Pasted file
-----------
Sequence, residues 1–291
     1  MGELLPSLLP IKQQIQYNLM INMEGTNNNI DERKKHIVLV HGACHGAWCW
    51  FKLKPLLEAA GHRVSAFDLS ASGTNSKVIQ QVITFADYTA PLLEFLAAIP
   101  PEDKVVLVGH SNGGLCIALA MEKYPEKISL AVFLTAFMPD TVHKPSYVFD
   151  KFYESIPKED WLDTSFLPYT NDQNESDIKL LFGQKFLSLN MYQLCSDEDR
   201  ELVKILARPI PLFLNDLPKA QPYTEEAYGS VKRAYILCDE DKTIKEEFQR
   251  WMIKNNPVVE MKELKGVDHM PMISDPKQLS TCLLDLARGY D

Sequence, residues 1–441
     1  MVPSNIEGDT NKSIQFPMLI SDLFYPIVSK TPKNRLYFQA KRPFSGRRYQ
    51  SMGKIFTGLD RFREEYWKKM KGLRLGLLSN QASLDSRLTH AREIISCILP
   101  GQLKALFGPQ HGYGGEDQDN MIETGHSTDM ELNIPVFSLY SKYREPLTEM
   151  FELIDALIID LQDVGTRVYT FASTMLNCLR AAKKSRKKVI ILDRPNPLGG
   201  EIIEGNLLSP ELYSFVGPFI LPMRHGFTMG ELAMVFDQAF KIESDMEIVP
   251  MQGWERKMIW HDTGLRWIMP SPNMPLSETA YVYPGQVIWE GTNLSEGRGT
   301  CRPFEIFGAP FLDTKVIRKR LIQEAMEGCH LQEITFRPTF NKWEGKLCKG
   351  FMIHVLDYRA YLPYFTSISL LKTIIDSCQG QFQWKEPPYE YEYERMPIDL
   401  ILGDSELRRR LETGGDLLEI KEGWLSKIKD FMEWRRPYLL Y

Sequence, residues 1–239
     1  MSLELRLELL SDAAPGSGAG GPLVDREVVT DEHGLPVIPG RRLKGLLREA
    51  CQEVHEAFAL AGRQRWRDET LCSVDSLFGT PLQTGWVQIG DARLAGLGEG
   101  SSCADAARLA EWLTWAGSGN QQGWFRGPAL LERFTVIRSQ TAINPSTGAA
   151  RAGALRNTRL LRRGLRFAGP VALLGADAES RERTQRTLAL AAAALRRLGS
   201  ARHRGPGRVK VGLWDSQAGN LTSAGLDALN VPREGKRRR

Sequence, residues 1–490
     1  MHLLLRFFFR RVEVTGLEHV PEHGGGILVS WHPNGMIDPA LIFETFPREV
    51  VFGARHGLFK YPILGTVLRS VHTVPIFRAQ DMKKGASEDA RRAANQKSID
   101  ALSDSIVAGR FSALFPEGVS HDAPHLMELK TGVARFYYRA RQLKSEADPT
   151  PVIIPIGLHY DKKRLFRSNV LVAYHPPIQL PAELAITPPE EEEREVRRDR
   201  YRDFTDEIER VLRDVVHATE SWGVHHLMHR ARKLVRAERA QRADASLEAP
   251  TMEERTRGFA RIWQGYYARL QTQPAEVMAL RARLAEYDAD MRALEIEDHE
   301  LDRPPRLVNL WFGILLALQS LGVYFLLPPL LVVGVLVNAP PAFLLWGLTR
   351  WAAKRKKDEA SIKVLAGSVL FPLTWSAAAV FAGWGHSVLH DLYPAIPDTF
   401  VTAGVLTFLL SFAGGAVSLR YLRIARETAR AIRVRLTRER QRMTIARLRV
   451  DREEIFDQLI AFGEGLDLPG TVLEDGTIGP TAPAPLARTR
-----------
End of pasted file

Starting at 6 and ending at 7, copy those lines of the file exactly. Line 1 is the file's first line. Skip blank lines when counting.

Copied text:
   201  ELVKILARPI PLFLNDLPKA QPYTEEAYGS VKRAYILCDE DKTIKEEFQR
   251  WMIKNNPVVE MKELKGVDHM PMISDPKQLS TCLLDLARGY D